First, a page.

Shortly before his death, Borilă reportedly authored a letter condemning Ceauşescu, who was by then President, for "nationalism".[2] According to dissident Mircea Răceanu, whose father Grigore Răceanu was a prominent PCR member, the document was known to party officials, but was deliberately not made public.[2]

The negative reaction to the Valentin Ceauşescu-Iordana Borilă marriage was believed by commentators to be a reflection of xenophobia on the part of Nicolae Ceauşescu's wife, Elena Ceauşescu (an ethnic Romanian, she allegedly resented the non-Romanian origins of her in-laws).[13][2] Such views were rejected by Andrei Lupu, a person close to the Ceauşescus whose parents were important members of the PCR — Lupu argued that the two families did not get along on account of Petre Borilă's aloofness.[13] On the other hand, Petre Borilă himself is known to have opposed their wedding, probably due to Nicolae Ceauşescu's ideology.[2] In a 2007 interview, Constantin Roguschi, who was employed as an architect by the dictator, claimed that Iordana Borilă was not allowed to set foot in any house owned by Nicolae and Elena Ceauşescu.[14]

The couple eventually divorced in 1988, one year before the Romanian Revolution toppled and executed Nicolae and Elena Ceauşescu.[2] In the early 1990s, Iordana, together with Daniel Ceauşescu, her son by Valentin, emigrated to Israel and later to the United States.[2] Daniel is the former dictator's only grandson (see Ceauşescu family).[2]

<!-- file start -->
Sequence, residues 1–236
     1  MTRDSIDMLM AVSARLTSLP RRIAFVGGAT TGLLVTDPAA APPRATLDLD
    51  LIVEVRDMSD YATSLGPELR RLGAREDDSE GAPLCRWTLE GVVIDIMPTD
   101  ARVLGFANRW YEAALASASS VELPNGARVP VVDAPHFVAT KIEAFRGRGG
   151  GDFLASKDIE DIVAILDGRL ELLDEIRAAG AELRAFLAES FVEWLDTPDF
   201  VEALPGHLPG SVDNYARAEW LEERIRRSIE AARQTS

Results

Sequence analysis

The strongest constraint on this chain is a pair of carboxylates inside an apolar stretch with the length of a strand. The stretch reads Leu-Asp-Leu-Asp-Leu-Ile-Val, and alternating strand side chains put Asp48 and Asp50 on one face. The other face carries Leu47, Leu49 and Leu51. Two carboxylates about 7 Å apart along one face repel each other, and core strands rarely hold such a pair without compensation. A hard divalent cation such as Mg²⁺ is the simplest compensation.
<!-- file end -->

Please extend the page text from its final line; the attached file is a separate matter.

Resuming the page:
1. ^ Tismăneanu, p.293
  2. ^ a b c d e f g h i j k l m n o p q r s t u v Tismăneanu, Stalinism..., p.293
  3. ^ a b c d e George H. Hodos, Show Trials: Stalinist Purges in Eastern Europe, 1948-1954, Praeger/Greenwood, Westport, 1987, p.99. ISBN 0275927830
  4. ^ Tismăneanu, Stalinism..., p.160, 293
  5. ^ Tismăneanu, Stalinism..., p.168, 293
  6. ^ Tismăneanu, Gheorghiu-Dej..., p.4
  7. ^ Tismăneanu, Gheorghiu-Dej..., p.14-15
  8. ^ Tismăneanu, Gheorghiu-Dej..., p.15-18, 25-26
  9. ^ Tismăneanu, Gheorghiu-Dej..., p.3
  10. ^ Tismăneanu, Gheorghiu-Dej..., p.22
  11. ^ Tismăneanu, Gheorghiu-Dej..., p.25-26, 37
  12. ^ Tismăneanu, Gheorghiu-Dej..., p.25-26, 37, 39, 40
  13. ^ a b c (Romanian) Lavinia Betea, "Viaţa 'mâinii drepte' a lui Ceauşescu" (interview with Andrei Lupu), in Jurnalul Naţional, March 21, 2007
  14. ^ a b (Romanian) Lucia Ivănescu, "Ce cadouri primea Ceauşescu de ziua lui" (interview with Constantin Roguschi), in Cronica Română, January 26, 2007
  15. ^ Tismăneanu, Gheorghiu-Dej..., p.13, 14; Stalinism..., p.293
  16. ^ Victor Frunză, Istoria stalinismului în România, Humanitas, Bucharest, 1990, p.437; Tismăneanu, Gheorghiu-Dej..., p.12, 14; Stalinism..., p.168